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Research Highlights

Research Highlights
Dairy Cow Performance with Extruded Soybean Meal Broadens Opportunities

Photo courtesy United Soybean Board

By Barb Baylor Anderson

Canola meal during the last 40 years has become a protein staple in dairy cow diets due to its availability and performance. But new research from Penn State University confirms soybean meal, when fed on an equal protein basis and supplemented with rumen-protected methionine (Met), performs just as well as canola meal. That is good news for soybean demand.

In research funded by the Pennsylvania Soybean Promotion Board in 2019, researchers found feeding extruded soybean meal or solvent-extracted soybean meal gives similar energy-corrected milk yield as compared to canola meal when diets are comparable in ether extract concentration and digestible Met supply. In addition, there was no difference in milk component yields and feed efficiency in lactating dairy cows.

“This kind of research is most beneficial for dairy nutritionists,” says Alex Hristov, Penn State dairy nutrition specialist and principal investigator of the research. “But it may also stimulate discussion about soybean variety development, using both traditional and molecular techniques, to enhance concentration of certain amino acids in soy protein that benefit dairy nutrition.”

Hristov’s project built on previous research that also demonstrated increased dry matter intake and increased milk yield in dairy cows fed diets in which solvent-extracted soybean meal was replaced with extruded soybean meal. Hristov built on those results to investigate the effects of all three protein sources – both soybean meals and canola meal – on lactational performance, plasma amino acid profiles, enteric gas emissions, milk fatty acids and nutrient digestibility.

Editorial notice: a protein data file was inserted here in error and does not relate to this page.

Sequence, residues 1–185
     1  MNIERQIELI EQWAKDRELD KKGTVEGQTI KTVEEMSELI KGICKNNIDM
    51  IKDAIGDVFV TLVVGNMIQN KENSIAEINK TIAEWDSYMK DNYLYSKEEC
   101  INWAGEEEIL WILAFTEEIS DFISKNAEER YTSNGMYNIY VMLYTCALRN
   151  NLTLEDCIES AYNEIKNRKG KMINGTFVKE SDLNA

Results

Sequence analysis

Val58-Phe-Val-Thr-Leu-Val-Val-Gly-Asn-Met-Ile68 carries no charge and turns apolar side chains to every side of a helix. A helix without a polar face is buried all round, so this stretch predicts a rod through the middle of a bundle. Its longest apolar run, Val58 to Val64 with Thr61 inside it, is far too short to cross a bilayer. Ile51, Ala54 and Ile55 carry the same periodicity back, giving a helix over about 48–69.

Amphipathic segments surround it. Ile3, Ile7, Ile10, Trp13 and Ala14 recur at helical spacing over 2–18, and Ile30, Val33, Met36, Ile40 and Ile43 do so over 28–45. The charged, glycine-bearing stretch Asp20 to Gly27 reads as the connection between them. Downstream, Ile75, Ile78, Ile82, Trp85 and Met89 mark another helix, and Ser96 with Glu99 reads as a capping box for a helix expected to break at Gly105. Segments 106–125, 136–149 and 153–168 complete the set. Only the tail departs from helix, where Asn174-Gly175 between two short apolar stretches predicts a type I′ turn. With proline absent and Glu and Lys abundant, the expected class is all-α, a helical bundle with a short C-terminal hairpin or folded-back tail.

Hristov explains that canola meal and extruded soybean meal share similar processes. Since canola seeds are high in oil content, they undergo an extrusion process before solvent extraction of the oil. Both canola and soybean processes create heat due to friction that increase the rumen undegraded protein (RUP), or escape protein, content of the meals. And the higher the escape protein content, the more protein cows have available for milk production.

Feeding on a metabolizable protein basis allows nutritionists to target the amount of protein needed to feed cows more efficiently. He says a more consistent RUP and enhanced amino acid profile in soybean meal would help better manage dairy rations.

Given the promise of these results for soybean farmers, Hristov hopes to address more of the unanswered questions regarding performance.  “We are now starting a larger project to compare production effects of extruded soybean meal versus canola meal in dairy cow rations,” he says.

To find research related to this Research Highlight, please visit the National Soybean Checkoff Research Database.